Governor’s Mansion (Kearns Mansion)
The Utah Governor's Mansion is the official residence of the Governor of Utah and family. It had once belonged to early 20th century US Senator and mining magnate, Thomas Kearns.
Backstory and Context
Built in 1902 by United State Senator and mining magnate Thomas Kearns, the house was designed by notable Utah architect Carl M. Neuhausen, who also designed the Cathedral of The Madeleine in Salt Lake City. The elegant home was built using the finest materials by the finest craftsmen available, resulting in a quality and style similar to that of Eastern mansions like those of the Vanderbilts and Carnegies. The mansion also served not only as a home and a place for the Senator to conduct official business, but also as a venue for entertainment where guests would dance and enjoy the music of live orchestras. During this period many political and religious dignitaries were guests in the Kearns mansion, including President Theodore Roosevelt, who was a personal friend of Senator Kearns.
In February 1937 Jennie Judge Kearns donated the Kearns Mansion to the State of Utah after the passing of Senator Kearns. The mansion was donated with the condition that it serve as the Governor's Residence. For the next twenty years the governors of Utah used the mansion as their primary residence. From 1957 to 1977, the Utah Historical Society occupied the mansion as a library, museum, and office space. In 1977, Governor Scott Matheson proposed that the mansion be restored as a governor's residence and after an extensive renovation the mansion became a residence once again in 1980.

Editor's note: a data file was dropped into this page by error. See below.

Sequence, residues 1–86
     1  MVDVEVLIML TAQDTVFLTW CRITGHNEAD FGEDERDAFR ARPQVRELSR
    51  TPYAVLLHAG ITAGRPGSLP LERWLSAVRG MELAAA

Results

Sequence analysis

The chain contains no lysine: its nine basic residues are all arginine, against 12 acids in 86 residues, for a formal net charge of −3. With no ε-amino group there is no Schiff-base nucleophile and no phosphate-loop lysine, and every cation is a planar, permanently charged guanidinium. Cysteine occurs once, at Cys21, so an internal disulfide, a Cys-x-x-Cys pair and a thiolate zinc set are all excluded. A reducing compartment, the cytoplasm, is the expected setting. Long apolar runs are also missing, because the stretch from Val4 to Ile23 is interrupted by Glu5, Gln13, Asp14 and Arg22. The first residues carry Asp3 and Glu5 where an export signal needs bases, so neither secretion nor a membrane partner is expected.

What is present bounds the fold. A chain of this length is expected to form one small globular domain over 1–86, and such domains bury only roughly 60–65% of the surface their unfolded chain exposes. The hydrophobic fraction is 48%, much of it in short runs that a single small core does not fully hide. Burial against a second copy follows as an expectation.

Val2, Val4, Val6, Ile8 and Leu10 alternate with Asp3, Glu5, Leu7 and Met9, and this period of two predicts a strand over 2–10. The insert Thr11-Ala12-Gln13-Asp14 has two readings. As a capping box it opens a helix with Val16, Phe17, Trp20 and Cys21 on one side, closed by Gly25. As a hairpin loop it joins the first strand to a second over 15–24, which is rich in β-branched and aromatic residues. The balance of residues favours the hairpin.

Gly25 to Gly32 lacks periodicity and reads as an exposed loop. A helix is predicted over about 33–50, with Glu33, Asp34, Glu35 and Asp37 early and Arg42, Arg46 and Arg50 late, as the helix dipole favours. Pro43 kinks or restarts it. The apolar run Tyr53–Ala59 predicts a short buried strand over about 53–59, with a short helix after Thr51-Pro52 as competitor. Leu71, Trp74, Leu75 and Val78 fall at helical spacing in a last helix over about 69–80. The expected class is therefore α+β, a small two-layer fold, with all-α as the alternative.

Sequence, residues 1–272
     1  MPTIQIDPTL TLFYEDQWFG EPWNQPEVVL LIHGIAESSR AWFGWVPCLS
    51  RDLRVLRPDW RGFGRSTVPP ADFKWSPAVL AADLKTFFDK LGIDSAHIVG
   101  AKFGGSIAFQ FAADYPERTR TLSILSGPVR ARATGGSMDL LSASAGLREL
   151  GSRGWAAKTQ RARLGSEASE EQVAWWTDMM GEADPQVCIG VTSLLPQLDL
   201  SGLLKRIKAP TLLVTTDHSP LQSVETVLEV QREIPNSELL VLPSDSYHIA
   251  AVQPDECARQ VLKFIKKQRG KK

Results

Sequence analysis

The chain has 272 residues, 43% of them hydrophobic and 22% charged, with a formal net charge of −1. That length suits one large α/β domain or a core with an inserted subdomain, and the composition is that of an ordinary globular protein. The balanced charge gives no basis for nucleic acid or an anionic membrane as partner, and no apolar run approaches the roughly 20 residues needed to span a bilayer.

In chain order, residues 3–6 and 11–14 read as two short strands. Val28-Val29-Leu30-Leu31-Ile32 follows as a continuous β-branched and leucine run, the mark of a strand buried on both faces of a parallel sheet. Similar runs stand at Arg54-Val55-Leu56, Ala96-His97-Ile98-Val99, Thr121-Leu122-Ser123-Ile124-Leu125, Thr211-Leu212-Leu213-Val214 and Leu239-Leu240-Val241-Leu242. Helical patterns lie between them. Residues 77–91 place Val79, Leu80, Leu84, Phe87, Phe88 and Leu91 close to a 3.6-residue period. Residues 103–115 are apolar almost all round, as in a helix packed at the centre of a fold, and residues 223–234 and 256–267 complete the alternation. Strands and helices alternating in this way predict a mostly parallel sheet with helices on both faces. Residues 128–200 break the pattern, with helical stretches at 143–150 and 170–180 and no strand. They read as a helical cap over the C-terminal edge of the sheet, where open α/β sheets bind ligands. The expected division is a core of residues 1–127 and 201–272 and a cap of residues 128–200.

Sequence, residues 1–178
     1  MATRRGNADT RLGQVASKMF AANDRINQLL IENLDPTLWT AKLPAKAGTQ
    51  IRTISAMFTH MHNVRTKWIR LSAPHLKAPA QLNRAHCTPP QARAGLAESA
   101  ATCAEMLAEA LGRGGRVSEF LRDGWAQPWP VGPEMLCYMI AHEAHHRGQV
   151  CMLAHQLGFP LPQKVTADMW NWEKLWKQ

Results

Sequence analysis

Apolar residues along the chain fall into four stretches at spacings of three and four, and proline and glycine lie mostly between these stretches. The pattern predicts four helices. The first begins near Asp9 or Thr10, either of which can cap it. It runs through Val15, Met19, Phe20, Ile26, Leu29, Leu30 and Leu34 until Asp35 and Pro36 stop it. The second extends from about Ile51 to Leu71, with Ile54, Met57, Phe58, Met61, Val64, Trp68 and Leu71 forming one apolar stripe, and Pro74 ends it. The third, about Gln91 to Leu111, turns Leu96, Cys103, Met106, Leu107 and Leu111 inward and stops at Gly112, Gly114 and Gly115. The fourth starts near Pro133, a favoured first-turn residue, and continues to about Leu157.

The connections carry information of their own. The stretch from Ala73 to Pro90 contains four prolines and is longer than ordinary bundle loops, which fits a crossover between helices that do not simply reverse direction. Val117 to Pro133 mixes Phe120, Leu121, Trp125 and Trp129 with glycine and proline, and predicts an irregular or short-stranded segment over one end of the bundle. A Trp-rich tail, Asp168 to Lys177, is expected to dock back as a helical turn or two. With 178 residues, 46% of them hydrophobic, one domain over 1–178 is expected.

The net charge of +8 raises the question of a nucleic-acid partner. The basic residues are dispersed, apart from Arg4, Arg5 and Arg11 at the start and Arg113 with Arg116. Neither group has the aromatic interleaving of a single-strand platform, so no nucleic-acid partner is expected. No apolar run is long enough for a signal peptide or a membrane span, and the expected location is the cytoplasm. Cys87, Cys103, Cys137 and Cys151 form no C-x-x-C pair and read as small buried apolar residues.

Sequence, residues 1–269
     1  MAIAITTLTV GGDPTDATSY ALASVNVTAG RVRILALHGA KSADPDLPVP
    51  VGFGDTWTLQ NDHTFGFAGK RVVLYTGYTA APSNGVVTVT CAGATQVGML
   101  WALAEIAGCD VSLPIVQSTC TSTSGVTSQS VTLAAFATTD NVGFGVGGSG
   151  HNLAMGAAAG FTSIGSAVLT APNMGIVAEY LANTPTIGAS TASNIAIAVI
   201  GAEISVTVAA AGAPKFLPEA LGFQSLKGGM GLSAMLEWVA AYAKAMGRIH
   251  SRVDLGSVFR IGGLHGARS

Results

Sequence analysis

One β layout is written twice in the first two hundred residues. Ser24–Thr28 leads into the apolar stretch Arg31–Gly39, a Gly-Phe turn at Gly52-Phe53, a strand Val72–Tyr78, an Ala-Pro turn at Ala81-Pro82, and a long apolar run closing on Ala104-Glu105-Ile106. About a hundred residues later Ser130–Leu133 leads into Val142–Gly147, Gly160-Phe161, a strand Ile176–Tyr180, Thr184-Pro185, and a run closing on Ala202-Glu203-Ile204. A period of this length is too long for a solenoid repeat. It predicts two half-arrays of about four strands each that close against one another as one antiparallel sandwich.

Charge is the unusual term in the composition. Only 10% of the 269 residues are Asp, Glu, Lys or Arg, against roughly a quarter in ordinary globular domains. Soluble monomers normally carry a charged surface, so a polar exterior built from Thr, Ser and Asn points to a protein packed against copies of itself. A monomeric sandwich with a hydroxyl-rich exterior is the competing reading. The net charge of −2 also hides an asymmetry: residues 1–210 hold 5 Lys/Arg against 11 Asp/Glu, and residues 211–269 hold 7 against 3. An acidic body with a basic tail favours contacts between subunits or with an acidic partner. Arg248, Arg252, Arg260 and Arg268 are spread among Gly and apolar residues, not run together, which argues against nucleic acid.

On December 15, 1993 a fire, caused by faulty wiring on the Christmas tree in the main hall, destroyed much of the mansion. Governor Leavitt was not at home at the time, but Mrs. Leavitt and her staff were quick to notify the Salt Lake City Fire Department, and their response kept the mansion from suffering more significant damage. A long and painstaking restoration was begun, to restore the mansion to its original state and salvage as much of the historical interior as possible. The $7.8 million restoration brought the home back to its original 1902 style, while providing many current safety standards, such as a fire sprinkler system, new wiring and plumbing, new heating and cooling, a security system, and seismic upgrades.